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Childhood Cancer Survivors have worse arteries due to anticancer therapy – May 2023

Vitamin D Deficiency and Carotid Media-Intima Thickness in Childhood Cancer Survivors

Nutrients. 2023 May 16;15(10):2333. doi: 10.3390/nu15102333.
Eryk Latoch 1, Kacper Kozlowski 1, Katarzyna Kononczuk 1, Beata Zelazowska-Rutkowska 2, Monika Tomczuk-Ostapczuk 3, Maryna Krawczuk-Rybak 1, Katarzyna Muszynska-Roslan 1

Childhood cancer survivors (CCS) are predisposed to developing numerous late effects of anticancer treatment later in life. The existing literature suggests that vitamin D deficiency (VDD) may influence cardiovascular abnormalities and metabolic diseases. The objectives of this study were to investigate the prevalence of VDD among childhood cancer survivors and examine the association of vitamin D deficiency and carotid intima-media thickness (IMT).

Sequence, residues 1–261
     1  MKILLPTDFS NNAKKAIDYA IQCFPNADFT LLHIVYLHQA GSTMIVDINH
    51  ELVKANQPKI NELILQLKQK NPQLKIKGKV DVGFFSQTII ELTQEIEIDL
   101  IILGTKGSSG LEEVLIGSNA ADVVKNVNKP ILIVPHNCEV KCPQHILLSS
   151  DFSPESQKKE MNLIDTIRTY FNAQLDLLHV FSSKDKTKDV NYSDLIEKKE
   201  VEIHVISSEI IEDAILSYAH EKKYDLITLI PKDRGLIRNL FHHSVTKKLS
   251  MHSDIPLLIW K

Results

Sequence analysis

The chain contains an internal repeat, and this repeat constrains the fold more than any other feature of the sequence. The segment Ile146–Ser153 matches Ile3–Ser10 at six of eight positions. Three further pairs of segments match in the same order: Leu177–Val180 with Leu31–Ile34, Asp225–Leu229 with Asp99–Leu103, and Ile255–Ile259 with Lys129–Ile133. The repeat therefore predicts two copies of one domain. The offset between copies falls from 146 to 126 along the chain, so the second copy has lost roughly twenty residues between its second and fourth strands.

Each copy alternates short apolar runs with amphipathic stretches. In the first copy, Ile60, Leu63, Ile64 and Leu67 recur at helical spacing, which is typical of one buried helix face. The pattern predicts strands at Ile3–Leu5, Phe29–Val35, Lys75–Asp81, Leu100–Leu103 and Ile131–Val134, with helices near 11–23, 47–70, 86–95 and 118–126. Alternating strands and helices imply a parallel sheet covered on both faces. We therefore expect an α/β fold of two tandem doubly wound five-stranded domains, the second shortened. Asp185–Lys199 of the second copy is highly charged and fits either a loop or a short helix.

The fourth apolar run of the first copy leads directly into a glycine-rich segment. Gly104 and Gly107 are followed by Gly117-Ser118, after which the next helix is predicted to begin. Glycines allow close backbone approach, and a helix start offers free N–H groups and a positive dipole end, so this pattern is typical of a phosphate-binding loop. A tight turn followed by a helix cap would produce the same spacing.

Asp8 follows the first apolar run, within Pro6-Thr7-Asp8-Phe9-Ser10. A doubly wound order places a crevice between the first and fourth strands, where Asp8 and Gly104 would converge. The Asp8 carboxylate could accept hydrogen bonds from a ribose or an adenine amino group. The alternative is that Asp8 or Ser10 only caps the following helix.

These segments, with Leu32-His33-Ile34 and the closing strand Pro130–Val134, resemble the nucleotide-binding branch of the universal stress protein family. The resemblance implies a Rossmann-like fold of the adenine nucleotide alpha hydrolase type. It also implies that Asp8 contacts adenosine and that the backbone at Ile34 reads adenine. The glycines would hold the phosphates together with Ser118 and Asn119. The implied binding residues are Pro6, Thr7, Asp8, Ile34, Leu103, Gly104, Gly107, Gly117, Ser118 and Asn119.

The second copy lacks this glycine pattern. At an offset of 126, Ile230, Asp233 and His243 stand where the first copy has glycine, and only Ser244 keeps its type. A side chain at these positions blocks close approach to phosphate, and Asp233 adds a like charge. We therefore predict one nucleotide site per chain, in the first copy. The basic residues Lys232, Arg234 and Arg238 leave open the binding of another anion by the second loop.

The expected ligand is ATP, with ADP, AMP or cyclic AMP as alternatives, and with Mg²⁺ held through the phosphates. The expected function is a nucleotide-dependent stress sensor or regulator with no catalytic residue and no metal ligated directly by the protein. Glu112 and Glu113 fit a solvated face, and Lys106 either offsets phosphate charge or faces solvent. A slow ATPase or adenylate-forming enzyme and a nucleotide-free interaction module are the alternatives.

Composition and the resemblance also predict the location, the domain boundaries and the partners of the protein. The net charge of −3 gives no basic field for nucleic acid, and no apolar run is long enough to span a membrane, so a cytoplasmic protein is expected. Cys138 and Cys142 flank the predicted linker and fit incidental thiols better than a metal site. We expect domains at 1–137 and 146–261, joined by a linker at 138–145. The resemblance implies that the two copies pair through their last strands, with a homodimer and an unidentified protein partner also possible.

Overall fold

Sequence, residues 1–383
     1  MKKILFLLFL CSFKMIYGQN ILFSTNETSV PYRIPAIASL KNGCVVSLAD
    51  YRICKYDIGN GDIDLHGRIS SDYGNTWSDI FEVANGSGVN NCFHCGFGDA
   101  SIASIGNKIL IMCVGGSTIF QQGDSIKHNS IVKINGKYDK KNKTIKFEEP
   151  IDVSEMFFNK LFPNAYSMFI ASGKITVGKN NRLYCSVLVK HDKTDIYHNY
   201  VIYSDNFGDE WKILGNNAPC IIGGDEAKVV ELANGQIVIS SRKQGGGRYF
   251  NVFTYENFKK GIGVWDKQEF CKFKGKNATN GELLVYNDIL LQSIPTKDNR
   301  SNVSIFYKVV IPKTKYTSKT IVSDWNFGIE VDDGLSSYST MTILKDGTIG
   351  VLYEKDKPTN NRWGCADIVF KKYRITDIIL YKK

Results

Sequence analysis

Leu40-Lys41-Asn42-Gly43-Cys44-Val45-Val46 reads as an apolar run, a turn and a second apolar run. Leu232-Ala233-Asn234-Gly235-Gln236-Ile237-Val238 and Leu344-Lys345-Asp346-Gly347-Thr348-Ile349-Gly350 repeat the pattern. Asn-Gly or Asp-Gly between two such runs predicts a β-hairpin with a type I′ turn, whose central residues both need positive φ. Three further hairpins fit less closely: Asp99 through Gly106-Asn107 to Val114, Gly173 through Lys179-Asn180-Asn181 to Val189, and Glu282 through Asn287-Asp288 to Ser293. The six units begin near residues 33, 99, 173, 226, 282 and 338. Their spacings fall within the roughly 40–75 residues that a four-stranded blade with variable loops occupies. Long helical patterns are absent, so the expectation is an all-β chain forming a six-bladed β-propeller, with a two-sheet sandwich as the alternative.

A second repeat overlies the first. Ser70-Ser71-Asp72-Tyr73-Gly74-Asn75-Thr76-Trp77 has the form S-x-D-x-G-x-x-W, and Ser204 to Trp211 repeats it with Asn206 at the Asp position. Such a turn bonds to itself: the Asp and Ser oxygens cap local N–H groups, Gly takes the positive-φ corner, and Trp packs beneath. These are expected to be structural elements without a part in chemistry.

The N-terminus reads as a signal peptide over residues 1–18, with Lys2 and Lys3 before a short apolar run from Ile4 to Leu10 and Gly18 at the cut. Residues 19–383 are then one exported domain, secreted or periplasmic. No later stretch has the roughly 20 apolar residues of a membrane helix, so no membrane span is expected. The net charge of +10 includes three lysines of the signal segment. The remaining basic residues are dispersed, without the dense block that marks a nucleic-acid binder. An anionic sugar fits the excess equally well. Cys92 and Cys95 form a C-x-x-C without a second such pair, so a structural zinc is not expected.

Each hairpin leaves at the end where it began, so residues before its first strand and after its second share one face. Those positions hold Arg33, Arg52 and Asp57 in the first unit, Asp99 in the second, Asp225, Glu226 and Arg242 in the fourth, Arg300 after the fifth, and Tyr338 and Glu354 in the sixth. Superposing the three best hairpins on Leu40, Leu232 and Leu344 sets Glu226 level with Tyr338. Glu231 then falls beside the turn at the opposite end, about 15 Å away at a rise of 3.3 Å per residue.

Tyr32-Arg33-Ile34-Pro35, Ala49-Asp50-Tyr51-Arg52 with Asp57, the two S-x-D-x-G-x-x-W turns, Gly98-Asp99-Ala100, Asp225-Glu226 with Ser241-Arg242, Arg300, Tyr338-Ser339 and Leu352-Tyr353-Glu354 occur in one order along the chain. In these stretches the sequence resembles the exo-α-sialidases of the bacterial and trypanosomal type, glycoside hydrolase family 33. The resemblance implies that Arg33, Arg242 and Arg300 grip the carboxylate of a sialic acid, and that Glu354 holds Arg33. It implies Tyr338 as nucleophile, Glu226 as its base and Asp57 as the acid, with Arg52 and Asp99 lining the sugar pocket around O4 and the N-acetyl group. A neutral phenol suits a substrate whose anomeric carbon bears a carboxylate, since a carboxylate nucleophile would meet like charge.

The study comprised 111 childhood cancer survivors (62 males, 49 females) with a median follow-up time of 6.14 years. Vitamin D status was determined by measuring serum 25(OH)D levels using the automatic immunoenzymatic method. Ultrasonography of the common carotid artery (CCA), the carotid bulb, and the proximal part of the internal carotid artery (ICA) was conducted.
Vitamin D deficiency (<20 ng/mL) was detected in 69.4% of CCS. A higher parathormone level and increased BMI were observed among VDD survivors. No effects of type of diagnosis, radiotherapy or hematopoietic stem cell transplantation on vitamin D status were observed.
Our findings reveal that survivors with VDD exhibited significantly greater thickness in the CCA and carotid bulb. In conclusion, the results of our study of childhood cancer survivors demonstrate that vitamin D deficiency is prevalent in up to 70% of individuals. We did not confirm the hypothesis that factors related to anticancer treatment used during childhood contributed to the higher prevalence of VDD. Additionally, we did not verify the contribution of vitamin D deficiency to the increase in IMT thickness.
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Children with low vitamin D were 1.8 X more likely to have poor arteries 27 years later – Feb 2015